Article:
• Do selective schools disadvantage Australia's underprivileged students? (Getty Images)
Selective secondary schools are supposed to cater for gifted and talented students across all sections of society, but increasingly they are the preserve of children from privileged families.
By
Nicola Heath

12 Apr 2017 - 5:14 PM  UPDATED 12 Apr 2017 - 5:26 PM

Selective secondary schools have a well-deserved reputation for acad­­­­emic excellence. In New South Wales, the home of the most selective high schools in the country, eight of the top 10 best-performing schools in the HSC in 2016 were selective.

Aside from their stellar results, these schools share some interesting characteristics.

One is affluence – students at selective schools are just as privileged as those at independent schools.

Of the eight in the 2016 top 10, all have above average scores in the Index of Community Socio-Educational Advantage (ICSEA), a metric used by the My School website. None have more than five per cent of students in the bottom quarter of students.

James Ruse Agricultural High School has topped the HSC list for an impressive 21 years. In 2016, 73.1 per cent of students scored 90 or above in the HSC. James Ruse has an ICSEA score of 1240 (the average is 1000), with 89 per cent of students in the top quarter and zero in the lowest quarter.

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Have selective schools become ‘privileged’?

The selective school enrolment process has become notoriously competitive in recent years. In 2017, 14458 students sat the Selective High School Placement Test, vying for one of 4226 places offered in 47 selective and partially selective schools in 2018.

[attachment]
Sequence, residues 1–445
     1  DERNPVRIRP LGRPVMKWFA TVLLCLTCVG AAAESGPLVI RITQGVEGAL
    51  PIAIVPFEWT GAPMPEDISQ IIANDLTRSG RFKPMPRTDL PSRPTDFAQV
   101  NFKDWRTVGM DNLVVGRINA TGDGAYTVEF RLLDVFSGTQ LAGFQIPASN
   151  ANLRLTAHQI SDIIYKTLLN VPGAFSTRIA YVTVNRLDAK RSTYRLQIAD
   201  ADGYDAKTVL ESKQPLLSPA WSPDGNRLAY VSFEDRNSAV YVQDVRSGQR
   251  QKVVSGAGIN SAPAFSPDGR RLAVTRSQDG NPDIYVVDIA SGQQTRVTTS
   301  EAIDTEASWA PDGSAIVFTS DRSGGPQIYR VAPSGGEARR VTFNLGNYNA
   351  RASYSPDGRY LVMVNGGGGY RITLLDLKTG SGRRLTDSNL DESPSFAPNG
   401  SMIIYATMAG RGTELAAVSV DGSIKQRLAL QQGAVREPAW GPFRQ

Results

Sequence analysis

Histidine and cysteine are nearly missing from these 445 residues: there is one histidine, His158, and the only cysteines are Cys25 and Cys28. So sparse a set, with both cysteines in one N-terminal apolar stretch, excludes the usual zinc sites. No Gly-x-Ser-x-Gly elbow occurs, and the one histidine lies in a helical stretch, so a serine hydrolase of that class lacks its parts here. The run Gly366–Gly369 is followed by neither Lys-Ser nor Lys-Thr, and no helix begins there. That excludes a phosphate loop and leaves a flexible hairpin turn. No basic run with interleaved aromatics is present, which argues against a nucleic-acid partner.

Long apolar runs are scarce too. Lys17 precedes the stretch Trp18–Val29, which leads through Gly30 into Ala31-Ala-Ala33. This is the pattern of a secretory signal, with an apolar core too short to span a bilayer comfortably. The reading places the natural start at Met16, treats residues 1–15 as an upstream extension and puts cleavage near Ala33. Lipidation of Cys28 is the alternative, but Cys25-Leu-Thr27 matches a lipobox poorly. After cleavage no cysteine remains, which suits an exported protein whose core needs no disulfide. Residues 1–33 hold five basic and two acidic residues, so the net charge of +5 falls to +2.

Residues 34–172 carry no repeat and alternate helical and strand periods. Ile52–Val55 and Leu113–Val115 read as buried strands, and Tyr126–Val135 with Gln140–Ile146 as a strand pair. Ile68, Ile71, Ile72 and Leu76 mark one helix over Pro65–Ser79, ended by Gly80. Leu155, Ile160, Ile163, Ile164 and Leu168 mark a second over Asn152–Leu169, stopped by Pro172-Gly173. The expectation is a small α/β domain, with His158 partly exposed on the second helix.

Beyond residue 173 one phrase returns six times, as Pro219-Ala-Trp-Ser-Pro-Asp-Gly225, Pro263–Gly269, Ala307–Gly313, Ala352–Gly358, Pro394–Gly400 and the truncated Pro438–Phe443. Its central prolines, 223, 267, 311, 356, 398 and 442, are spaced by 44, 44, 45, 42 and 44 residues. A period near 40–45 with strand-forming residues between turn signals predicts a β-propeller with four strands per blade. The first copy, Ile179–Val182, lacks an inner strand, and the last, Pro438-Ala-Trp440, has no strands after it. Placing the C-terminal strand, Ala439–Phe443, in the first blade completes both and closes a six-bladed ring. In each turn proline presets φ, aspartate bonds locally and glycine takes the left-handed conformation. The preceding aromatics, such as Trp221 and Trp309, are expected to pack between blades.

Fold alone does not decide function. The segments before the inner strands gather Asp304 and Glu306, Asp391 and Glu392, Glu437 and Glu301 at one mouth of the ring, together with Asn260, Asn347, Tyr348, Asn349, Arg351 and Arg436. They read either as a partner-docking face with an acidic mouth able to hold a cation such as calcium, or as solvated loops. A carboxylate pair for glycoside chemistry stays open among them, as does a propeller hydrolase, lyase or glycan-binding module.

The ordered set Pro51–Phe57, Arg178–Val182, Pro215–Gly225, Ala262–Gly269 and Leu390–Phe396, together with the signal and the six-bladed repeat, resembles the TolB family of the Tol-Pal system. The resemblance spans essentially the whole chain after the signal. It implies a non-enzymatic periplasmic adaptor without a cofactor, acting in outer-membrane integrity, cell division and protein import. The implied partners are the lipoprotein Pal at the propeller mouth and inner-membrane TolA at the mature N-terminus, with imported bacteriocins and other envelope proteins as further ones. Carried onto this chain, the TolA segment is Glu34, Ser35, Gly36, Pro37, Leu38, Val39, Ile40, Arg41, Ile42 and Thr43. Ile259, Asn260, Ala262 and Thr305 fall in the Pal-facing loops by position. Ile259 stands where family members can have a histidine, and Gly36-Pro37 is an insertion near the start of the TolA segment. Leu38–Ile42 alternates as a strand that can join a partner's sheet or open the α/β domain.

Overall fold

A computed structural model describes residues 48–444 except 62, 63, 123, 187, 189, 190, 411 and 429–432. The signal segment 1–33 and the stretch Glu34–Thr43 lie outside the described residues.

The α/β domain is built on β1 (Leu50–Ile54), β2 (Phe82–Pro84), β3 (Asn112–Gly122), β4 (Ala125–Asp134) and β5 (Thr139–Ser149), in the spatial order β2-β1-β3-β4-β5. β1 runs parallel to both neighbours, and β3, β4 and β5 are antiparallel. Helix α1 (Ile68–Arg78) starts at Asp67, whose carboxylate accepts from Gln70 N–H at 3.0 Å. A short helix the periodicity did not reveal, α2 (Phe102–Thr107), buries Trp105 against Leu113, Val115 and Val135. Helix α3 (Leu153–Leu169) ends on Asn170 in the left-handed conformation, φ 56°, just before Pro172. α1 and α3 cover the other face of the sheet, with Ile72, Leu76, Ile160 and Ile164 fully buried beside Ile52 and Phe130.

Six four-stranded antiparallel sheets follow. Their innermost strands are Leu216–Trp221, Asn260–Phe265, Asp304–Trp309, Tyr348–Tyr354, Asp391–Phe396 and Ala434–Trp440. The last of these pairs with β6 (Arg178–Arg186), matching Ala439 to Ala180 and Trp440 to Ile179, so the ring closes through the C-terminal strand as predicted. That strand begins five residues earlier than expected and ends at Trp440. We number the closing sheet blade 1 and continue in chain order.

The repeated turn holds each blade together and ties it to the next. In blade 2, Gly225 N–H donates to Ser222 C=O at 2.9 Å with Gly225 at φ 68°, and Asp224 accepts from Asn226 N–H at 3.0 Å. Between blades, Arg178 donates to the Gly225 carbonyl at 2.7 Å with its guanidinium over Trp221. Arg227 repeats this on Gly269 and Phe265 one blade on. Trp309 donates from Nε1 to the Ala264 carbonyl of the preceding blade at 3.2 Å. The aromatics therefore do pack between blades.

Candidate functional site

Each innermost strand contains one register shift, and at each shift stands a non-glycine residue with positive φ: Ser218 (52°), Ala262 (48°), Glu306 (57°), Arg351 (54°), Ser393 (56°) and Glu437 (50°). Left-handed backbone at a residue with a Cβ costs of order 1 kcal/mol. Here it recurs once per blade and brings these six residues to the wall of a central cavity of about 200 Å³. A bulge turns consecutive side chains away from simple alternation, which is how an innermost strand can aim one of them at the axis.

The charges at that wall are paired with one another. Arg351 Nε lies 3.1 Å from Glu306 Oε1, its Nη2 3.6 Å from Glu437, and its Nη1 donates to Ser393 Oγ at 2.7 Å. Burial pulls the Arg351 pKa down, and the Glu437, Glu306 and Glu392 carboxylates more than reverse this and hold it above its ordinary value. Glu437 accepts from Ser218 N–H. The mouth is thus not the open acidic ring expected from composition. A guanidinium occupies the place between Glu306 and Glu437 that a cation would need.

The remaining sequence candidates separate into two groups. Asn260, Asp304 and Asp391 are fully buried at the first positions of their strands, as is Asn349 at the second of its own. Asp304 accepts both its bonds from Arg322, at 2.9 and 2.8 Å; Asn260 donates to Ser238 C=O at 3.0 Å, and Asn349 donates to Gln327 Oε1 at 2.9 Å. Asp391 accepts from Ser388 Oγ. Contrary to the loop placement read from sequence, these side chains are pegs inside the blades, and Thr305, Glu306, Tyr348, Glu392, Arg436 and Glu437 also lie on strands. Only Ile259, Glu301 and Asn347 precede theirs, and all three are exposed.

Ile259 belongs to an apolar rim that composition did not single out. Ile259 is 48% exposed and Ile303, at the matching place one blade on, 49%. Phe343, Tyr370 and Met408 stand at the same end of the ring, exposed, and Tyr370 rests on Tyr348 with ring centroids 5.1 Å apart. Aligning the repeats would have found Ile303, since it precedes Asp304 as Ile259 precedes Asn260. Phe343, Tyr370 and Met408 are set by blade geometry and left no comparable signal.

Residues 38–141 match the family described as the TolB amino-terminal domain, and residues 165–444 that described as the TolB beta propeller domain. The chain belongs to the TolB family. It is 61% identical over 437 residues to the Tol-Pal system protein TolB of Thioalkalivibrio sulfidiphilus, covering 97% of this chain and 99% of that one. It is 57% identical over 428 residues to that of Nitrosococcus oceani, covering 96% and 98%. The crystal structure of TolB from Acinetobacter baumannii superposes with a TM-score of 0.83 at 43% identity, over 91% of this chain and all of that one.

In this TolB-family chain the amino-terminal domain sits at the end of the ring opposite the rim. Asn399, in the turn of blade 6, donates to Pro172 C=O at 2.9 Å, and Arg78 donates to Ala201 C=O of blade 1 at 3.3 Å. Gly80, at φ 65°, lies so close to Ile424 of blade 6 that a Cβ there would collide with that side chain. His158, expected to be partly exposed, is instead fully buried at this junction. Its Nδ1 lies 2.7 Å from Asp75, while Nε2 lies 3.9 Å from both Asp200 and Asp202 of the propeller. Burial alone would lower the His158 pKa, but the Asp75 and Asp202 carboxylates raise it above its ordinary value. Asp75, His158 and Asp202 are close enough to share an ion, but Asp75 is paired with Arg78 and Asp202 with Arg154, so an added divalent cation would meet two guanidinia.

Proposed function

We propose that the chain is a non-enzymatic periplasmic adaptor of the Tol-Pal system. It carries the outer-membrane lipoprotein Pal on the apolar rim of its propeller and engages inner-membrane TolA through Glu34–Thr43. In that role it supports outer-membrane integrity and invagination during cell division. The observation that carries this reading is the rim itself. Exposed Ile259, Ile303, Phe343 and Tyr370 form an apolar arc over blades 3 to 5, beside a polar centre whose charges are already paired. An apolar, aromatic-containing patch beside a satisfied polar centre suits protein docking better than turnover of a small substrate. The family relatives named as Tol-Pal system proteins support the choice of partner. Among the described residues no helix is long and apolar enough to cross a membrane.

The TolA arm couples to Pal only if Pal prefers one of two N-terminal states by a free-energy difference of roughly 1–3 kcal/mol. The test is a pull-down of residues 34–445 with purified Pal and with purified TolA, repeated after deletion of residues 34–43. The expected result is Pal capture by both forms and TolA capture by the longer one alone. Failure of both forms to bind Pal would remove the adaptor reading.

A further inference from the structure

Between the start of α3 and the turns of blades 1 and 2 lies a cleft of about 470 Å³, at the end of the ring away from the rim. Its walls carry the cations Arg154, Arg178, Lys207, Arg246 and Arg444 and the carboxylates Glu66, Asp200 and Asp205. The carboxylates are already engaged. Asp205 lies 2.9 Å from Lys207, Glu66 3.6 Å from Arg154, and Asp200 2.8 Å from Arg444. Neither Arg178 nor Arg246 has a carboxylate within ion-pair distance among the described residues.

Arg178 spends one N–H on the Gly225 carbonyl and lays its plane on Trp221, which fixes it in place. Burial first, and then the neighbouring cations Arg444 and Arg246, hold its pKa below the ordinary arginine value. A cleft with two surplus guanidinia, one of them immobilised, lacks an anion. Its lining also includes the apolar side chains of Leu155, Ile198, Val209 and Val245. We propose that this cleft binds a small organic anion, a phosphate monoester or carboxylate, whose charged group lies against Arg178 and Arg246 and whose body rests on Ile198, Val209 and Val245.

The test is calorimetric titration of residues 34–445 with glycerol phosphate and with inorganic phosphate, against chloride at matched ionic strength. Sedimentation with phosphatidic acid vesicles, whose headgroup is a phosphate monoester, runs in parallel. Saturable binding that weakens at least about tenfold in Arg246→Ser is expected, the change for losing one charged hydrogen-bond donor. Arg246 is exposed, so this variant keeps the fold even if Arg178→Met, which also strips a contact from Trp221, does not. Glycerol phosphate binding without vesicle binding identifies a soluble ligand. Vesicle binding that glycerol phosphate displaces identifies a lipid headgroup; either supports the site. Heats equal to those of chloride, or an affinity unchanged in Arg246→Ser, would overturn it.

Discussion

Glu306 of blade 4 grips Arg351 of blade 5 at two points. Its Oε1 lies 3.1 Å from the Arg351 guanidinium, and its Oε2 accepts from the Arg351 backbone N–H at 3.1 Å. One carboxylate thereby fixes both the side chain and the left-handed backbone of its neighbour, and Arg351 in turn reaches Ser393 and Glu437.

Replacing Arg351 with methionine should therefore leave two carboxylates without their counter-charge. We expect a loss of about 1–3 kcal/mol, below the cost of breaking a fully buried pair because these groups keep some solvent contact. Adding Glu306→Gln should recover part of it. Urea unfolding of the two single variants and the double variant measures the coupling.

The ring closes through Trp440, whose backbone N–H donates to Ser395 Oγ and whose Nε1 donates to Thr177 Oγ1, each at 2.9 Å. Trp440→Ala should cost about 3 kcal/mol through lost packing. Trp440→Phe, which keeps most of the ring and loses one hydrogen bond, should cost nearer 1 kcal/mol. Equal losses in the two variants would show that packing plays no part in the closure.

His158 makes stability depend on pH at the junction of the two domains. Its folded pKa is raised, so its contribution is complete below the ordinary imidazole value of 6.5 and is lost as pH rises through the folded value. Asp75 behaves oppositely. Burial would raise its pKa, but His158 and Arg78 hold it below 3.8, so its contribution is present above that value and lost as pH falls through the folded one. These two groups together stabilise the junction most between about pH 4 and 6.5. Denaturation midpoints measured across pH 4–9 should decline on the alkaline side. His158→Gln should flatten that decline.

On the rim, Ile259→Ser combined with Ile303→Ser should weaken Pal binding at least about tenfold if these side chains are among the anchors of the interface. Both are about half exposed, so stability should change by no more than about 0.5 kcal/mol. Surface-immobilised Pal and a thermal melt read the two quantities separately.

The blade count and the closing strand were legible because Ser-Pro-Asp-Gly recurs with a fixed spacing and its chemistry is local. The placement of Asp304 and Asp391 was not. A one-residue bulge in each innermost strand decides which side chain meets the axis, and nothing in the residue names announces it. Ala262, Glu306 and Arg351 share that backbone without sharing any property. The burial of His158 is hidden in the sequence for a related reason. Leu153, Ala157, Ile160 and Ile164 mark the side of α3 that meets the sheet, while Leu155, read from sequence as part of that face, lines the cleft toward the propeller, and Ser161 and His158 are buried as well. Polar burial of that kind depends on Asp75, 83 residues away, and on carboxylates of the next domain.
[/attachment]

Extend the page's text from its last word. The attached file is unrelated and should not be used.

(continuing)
It’s a test that many students have long been preparing for. There are no official statistics, but in her research Christina Ho, a University of Technology Sydney academic, has found that most students who attend selective schools have had tutoring – some since early primary school. 

This tutoring often represents an enormous investment of time. In a not uncommon story, one child reported spending eight hours every Saturday taking extra maths classes in preparation for the placement test.

It’s also expensive – prohibitively so for poor families. Tutoring can cost thousands of dollars per year, posing “a huge inequality” in terms of access, says Ho.

“If you come from a poor family, it's pretty much out of the question for your family to invest that kind of money in training and training you,” she says. “That is reflected in the demographic profile of selected schools that we have now, where in New South Wales, in particular metropolitan Sydney, most of the selective schools have no children who come from the least advantaged quarter in our society.”

...in her research Christina Ho, a University of Technology Sydney academic, has found that most students who attend selective schools have had tutoring – some since early primary school. 

As Ho points out, it’s unlikely that there are simply no students from the lowest quarter who are gifted and talented. The distinguishing factor, then, is money. “It's all in the amount of resources that families are investing in this kind of thing,” she says.

The prohibitive cost of tutoring is not the only factor keeping disadvantaged kids out of selective schools. A well-established link between socioeconomic status and educational outcomes means that children from poor backgrounds are consistently out-performed by their more affluent peers.